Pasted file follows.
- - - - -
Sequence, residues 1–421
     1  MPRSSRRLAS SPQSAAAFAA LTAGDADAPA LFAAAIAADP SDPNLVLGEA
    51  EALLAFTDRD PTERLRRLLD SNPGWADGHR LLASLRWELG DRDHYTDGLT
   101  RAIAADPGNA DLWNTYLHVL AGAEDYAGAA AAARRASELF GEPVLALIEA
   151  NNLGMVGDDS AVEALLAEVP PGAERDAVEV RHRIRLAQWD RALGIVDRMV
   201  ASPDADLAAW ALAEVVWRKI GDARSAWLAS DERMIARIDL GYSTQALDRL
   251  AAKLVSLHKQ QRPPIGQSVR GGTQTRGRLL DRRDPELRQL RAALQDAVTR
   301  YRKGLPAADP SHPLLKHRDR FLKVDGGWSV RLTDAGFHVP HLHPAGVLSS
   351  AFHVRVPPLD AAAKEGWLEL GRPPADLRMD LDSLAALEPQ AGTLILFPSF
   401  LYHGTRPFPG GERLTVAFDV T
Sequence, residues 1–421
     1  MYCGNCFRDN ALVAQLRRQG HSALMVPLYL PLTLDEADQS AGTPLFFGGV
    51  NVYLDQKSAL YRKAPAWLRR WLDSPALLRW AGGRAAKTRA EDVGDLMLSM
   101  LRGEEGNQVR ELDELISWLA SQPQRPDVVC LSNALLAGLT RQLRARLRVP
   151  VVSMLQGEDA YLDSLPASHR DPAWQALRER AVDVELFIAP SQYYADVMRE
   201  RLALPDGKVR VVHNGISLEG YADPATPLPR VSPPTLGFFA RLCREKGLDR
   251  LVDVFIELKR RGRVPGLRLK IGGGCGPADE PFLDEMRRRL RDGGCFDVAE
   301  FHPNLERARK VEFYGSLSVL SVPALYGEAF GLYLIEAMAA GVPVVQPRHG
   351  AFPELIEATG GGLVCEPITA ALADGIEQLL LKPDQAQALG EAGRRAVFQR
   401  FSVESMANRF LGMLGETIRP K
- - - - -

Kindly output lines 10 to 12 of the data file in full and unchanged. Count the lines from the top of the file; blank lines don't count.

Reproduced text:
   401  LYHGTRPFPG GERLTVAFDV T
Sequence, residues 1–421
     1  MYCGNCFRDN ALVAQLRRQG HSALMVPLYL PLTLDEADQS AGTPLFFGGV